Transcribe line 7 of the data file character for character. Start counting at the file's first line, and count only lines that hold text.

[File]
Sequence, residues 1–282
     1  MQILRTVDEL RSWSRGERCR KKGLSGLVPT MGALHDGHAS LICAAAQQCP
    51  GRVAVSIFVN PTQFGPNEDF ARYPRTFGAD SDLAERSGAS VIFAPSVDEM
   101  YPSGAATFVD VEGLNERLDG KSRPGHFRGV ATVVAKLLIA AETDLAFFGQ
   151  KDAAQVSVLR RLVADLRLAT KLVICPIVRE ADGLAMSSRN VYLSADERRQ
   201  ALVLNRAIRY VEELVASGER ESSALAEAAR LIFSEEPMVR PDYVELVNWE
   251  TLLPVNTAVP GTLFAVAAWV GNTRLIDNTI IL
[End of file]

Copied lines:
   251  TLLPVNTAVP GTLFAVAAWV GNTRLIDNTI IL